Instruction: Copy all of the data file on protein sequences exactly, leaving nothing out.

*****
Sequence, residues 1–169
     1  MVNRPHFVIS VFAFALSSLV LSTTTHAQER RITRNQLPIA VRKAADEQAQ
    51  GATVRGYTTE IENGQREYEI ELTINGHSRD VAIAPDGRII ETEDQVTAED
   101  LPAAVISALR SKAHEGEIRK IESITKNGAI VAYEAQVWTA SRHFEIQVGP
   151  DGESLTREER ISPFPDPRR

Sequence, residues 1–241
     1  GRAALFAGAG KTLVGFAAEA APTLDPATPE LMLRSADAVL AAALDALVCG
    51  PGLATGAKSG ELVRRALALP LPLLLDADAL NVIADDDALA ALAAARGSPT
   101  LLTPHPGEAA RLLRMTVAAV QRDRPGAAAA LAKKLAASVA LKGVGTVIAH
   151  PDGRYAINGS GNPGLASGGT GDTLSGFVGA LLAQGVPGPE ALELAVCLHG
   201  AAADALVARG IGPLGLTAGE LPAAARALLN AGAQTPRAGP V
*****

Sequence, residues 1–169
     1  MVNRPHFVIS VFAFALSSLV LSTTTHAQER RITRNQLPIA VRKAADEQAQ
    51  GATVRGYTTE IENGQREYEI ELTINGHSRD VAIAPDGRII ETEDQVTAED
   101  LPAAVISALR SKAHEGEIRK IESITKNGAI VAYEAQVWTA SRHFEIQVGP
   151  DGESLTREER ISPFPDPRR

Sequence, residues 1–241
     1  GRAALFAGAG KTLVGFAAEA APTLDPATPE LMLRSADAVL AAALDALVCG
    51  PGLATGAKSG ELVRRALALP LPLLLDADAL NVIADDDALA ALAAARGSPT
   101  LLTPHPGEAA RLLRMTVAAV QRDRPGAAAA LAKKLAASVA LKGVGTVIAH
   151  PDGRYAINGS GNPGLASGGT GDTLSGFVGA LLAQGVPGPE ALELAVCLHG
   201  AAADALVARG IGPLGLTAGE LPAAARALLN AGAQTPRAGP V